The team comprised of Daniel Iordanov, Andima Beitia, Javier Silva and Roque Belda, students of the Biomedical Engineering Master’s Degree of the Unviersitat Politècnica de València (UPV), has been one of the winners of the First European University Design Contest, a competition promoted by companies Analog Devices (ADI) and Würth Elektronik (WE).
The UPV students have been rewarded for their Health Ear project, where they developed an intelligent headphone prototype which was able to measure the user’s hearing ability performing regular hearing tests similar to a tympanometry. This idea is specially useful for people who use headphones on a daily basis as well as for those who are susceptible to developing hearing deficiencies, as the device can detect the appearance of pathologies such as the initial stages of otitis and advise the user to get a medical check-up.
“The device is placed over the ear and dynamically minimises noise. Even so, the most relevant fact is that this reduction is performed taking into account the characteristics of the external noise and adapts it to the sensibility of each person specifically,” highlights Roque Belda.
The equipment includes a sensor comprised of a microphone and a small speaker which make it possible to emit the pulse and receive the eco signal, as well as an external microphone that registers ambient noise. All these elements are included in the headphone’s casing.
As Javier Silva explains, the microphone that picks up external noise makes it possible to automatically adjust the volume. This way, in surroundings with louder external noise, the volume will progressively increase until it reaches a non-harmful level for the user’s hearing. “When ambient noise decreases, the volume drops as a result so the user doesn’t have to be concerned with adjusting the volume, which can lead to them causing themselves damage involuntarily by using high volumes for too long,” adds Silva.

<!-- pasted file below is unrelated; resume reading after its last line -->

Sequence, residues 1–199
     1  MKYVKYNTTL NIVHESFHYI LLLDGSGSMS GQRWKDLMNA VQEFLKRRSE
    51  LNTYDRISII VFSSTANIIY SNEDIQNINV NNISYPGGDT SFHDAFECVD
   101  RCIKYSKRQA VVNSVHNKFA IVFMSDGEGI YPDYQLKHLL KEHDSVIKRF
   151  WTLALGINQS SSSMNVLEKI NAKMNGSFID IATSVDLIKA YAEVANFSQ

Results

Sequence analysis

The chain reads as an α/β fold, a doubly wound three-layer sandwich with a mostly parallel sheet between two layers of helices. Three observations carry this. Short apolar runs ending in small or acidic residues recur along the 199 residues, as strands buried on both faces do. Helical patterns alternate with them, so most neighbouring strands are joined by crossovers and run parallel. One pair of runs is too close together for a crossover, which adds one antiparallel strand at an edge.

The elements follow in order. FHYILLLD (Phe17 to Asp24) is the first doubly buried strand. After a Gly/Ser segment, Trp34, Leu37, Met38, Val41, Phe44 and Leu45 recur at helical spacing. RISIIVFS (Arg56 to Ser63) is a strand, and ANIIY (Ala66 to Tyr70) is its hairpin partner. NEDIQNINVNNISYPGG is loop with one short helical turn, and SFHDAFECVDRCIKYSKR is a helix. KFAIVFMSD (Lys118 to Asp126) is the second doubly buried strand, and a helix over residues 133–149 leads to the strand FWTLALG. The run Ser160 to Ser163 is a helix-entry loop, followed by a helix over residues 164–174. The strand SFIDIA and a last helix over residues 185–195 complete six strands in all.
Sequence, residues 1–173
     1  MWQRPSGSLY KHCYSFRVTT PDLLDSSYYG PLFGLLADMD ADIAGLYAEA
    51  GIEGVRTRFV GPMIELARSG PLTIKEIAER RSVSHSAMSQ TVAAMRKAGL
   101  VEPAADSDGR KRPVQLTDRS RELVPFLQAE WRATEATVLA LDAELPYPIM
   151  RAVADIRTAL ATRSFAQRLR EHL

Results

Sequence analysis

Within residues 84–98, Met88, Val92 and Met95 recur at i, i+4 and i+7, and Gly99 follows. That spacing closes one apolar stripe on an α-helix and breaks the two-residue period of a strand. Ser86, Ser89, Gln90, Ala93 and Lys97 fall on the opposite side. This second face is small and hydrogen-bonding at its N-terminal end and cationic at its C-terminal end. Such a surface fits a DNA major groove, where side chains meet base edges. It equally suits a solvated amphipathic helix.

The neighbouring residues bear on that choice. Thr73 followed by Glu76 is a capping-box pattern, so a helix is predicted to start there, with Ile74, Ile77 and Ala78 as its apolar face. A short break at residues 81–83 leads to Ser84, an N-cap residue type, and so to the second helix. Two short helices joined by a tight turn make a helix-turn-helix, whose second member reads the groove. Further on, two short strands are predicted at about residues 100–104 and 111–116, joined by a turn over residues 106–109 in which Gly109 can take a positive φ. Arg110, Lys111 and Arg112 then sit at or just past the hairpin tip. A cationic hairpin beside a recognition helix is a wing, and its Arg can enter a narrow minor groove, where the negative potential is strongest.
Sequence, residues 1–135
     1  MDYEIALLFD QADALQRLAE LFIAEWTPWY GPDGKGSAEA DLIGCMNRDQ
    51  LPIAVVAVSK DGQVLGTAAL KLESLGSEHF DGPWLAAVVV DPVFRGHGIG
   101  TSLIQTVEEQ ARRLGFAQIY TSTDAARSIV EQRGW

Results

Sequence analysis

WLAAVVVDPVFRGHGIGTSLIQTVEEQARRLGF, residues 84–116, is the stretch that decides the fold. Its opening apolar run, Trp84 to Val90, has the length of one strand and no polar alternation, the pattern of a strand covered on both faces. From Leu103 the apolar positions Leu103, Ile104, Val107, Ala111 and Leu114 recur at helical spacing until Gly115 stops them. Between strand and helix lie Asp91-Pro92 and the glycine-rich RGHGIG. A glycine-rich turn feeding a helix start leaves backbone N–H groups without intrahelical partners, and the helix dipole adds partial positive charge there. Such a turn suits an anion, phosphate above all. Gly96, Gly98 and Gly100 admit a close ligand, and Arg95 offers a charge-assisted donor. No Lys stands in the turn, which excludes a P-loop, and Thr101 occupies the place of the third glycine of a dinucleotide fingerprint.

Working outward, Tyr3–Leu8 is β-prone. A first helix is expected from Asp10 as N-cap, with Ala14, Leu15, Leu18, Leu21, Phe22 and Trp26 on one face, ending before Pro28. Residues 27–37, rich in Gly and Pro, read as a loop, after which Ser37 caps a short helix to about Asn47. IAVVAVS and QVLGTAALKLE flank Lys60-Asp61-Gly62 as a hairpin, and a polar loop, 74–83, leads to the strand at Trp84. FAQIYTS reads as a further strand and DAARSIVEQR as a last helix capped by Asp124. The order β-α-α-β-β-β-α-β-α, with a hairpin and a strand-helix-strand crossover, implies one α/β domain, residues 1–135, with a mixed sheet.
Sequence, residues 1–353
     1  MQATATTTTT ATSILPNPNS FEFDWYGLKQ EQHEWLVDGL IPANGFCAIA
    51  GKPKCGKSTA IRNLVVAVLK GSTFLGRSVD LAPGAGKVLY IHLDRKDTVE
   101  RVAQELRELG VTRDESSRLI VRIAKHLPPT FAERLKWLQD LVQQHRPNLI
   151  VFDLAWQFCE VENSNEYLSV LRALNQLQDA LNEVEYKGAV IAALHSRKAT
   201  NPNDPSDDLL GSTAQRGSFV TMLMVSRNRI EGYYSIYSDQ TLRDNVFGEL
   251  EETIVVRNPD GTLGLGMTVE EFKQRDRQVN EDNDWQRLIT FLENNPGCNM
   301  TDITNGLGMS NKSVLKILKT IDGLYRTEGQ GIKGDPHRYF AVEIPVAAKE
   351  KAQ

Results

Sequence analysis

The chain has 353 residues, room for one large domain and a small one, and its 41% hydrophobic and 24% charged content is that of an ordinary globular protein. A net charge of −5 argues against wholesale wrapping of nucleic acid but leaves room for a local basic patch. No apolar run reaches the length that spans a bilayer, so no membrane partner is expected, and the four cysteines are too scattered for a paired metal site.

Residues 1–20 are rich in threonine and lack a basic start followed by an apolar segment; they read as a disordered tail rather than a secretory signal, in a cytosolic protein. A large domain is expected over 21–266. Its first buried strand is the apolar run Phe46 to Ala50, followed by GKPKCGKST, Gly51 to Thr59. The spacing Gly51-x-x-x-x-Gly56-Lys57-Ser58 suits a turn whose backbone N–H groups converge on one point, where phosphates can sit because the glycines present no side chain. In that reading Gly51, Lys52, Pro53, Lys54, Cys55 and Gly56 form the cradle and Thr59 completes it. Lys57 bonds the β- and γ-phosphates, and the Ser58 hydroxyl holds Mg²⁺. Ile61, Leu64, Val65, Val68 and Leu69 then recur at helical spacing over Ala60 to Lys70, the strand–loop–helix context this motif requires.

In this sense, Daniel Iordanov adds that after acquiring the three signals (the one without an eco and the ones from both ears) you can see the pulse signal, the eco and the dimmed signal. “With that, we can extract parameters that help quantify the response of each ear and lower the noise depending on the characteristics of each user.”
With this information and by way of a method developed by Health Ear, a figure is obtained which quantifies hearing health, a figure which is regularly checked to identify the appearance of possible issues.
“This step allows people to detect a problem early on, visiting the doctor on time to be able to perform an intervention which minimises the harmful effects of potential hearing pathologies,” says Jaime Marco Algarra, chief of the otolaryngology department of the Hospital Clínico de Valencia, president of the CODEPEH and medical advisor of the team.
Another main feature of the Health Ear prototype is its innovative design, in the shape of a tear. “We did market research and decided to give it this shape. This design allows us to place both the speaker and microphone directly pointing to the ear canal, which makes it possible to obtain a better signal with less noise,” adds Andima Beitia.
Aside from the world of consumer electronics, where headphones are commonplace all over the world, this technique could be used for the development of hearing protectors which make it possible to monitor the hearing of workers (construction workers, people in the military, factory workers…) which are typically surrounded by large quantities of ambient noise, so they have better control over their hearing health.
The Health Ear team was invited to Munich along with the winning teams of other categories of the competition back on May 4, where the award ceremony was held, and they were able to visit the headquarters of both organising companies. During the ceremony, their entrepreneurial spirit was praised, as well as the multidisciplinary and heterogeneous nature of the team.
The development of Health Ear was aided by Higher Technical School of Telecommunication Engineers of the Universitat Politècnica de València professor Germán Ramos, and by the designer and European project coordinator Miguel Pizá (UPV-CPI2020).
As well as currently studying the Master’s degree in Biomedical Engineering of the UPV, Daniel Iordanov, Andima Beitia, Javier Silva and Roque Belda are graduates from Madrid’s Universidad Politécnica, the Universidad de Mondragón, Universidad de Extremadura and Universidad Politécnica de Cartagena, respectively.